The Chrome Web Store is undergoing a transformation, as Google seeks to phase out Chrome apps entirely. Extensions are still sticking around, but now the company has placed a ban on paid extensions, leaving some developers frustrated.Read More
Apps for Google Drive and add-ons for Google Docs app suite are getting a new home. Formerly found in the Chrome Web Store, they'll soon be available from the G Suite Marketplace, a thing you probably didn't know existed until now.Read More
As Uncle Ben said, "With great power comes great responsibility." Browser extensions can be incredibly powerful tools, but many of them demand full access to all web pages. Stories about popular extensions stealing user data or running cryptocurrency miners have become all too common. Google today announced a series of upcoming changes to Chrome extensions, some which aim to make them more trustworthy.Read More
The first Chromebooks were extremely dependent on an internet connection, so to help alleviate that problem, Google published a 'Gmail Offline' app on the Chrome Web Store. It allowed users to read and respond to emails while the computer was offline, but the app hasn't been updated since 2013.Read More
Chromebooks are mostly inexpensive devices, and as such we don't expect many of them to be able to do fancy things. They do tend to have cameras, though — they'd be pretty useless for video calling if they didn't. Every Chromebook comes with a rudimentary web app for the camera, similar to what you might see on Windows or MacOS machines.
Until now, the Chrome OS camera app has only been able to take photos, which is about as basic as it gets. The latest version (5.0.0) finally adds video recording. Open the app and you'll now see a video option next to the capture button.Read More
The Chrome Web Store is a hotbed of sketchy browser extensions, with seemingly little intervention from Google (except for the occasional crack-down). The company already takes down extensions that secretly mine cryptocurrency, but now it is going a step further. Starting today, all extensions that mine cryptocurrency will be barred from the Chrome Web Store.Read More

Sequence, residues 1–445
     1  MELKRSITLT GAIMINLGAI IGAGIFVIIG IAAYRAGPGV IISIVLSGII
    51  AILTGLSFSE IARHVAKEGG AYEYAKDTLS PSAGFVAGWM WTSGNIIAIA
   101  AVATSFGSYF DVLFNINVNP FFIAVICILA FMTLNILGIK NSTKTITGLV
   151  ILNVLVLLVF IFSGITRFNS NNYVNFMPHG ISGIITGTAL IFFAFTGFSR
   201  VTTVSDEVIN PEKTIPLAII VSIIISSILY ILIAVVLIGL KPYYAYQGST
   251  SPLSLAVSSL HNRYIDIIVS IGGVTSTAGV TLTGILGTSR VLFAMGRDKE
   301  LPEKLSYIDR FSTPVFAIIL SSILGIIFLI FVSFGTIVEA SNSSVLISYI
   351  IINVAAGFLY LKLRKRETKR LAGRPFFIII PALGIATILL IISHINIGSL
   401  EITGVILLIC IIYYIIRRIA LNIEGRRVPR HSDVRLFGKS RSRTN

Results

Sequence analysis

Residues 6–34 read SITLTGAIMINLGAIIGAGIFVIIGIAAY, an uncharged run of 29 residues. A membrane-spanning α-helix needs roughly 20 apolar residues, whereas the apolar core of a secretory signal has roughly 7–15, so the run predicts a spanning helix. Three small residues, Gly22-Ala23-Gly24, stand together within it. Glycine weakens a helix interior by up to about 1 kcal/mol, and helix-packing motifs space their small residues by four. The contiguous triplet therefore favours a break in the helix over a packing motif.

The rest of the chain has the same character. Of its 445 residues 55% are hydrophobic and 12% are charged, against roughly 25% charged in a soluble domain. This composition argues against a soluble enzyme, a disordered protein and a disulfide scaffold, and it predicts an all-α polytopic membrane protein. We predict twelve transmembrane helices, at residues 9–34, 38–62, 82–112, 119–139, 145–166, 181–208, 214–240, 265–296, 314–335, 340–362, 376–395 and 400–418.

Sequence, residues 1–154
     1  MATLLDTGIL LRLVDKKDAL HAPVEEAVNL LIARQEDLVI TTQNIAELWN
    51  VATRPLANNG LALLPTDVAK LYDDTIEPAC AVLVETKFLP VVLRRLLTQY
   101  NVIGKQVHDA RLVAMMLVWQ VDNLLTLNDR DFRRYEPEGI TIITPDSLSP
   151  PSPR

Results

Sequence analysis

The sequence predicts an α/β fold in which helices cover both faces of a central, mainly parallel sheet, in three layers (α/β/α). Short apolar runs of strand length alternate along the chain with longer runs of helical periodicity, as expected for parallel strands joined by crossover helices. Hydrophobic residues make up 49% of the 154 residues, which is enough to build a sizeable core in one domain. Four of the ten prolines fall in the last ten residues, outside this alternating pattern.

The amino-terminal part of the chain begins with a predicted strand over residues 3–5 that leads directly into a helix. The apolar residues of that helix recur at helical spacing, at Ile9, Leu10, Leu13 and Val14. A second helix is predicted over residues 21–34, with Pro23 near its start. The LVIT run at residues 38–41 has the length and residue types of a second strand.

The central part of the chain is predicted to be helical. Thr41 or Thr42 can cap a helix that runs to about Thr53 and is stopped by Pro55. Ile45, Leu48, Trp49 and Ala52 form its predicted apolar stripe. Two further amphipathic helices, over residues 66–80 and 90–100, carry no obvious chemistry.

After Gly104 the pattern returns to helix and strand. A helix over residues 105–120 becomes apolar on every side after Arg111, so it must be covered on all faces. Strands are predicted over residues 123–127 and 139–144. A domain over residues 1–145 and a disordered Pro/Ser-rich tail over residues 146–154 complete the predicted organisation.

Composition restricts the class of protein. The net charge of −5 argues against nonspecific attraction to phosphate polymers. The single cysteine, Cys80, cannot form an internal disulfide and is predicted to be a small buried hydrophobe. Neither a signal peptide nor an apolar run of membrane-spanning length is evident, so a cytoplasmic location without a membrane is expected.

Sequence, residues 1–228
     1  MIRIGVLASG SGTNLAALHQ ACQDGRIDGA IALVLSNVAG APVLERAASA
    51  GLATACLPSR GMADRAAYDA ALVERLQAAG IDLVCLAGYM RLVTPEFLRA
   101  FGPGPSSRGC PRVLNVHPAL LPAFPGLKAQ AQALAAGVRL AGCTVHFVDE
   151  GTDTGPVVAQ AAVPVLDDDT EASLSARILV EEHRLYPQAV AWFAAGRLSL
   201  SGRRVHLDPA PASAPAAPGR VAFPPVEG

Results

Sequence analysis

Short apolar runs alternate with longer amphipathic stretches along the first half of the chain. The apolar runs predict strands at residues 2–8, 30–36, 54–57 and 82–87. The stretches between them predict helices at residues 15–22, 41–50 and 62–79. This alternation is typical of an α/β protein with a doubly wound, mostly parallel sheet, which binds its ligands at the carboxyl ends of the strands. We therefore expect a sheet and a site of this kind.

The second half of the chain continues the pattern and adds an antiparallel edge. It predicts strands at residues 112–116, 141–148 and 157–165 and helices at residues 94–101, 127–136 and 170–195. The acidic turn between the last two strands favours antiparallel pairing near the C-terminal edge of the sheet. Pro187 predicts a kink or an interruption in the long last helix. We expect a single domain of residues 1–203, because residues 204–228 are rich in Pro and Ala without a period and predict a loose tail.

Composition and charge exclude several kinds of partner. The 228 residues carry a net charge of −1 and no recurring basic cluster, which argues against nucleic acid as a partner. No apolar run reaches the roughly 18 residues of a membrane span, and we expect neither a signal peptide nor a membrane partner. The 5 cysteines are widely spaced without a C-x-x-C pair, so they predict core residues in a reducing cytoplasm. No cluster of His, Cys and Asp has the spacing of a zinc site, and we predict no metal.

Tucked away in the settings area of mobile Chrome, there's an option to reduce how much data you use by having Google compress websites before loading them. The feature, known as Data Saver, made its way over to the desktop version of the browser sometime this week.
To clarify precisely which setting we're talking about here, open up Chrome settings on Android and scroll to the bottom.Read More
Developer Koushik Dutta, Koush for short, is well known around these parts for any number of apps. There's the ClockworkMod ROM Manager. There's AllCast. And if you want to back up specific apps and the data that goes with them, there's Helium (formerly known as Carbon).
Helium scratches a real itch for the platform. If you purchase a new device or wipe an old one, Google can re-install your previous apps, but it usually won't pull down your settings or game saves. That stuff's gone.
Helium works great for rooted users, but non-rooted folks have had to turn to a Windows or Mac tool to get similar functionality.Read More
People are still waiting to get their hands on invites to use Inbox by Gmail, but as those trickle in, Google's pushing out more ways to access to service. We've already provided a hands-on look at the Android app. Users can also interact with their spiffy new inbox in a web browser by heading to inbox.google.com.
For people who prefer a handy shortcut, or for Chromebook users who want something that kind of feels like a dedicated email client, Google has released an Inbox by Gmail app into the Chrome Web Store.
The web app serves as a glorified bookmark, but once opened in its own dedicated window, it could pass for something more.Read More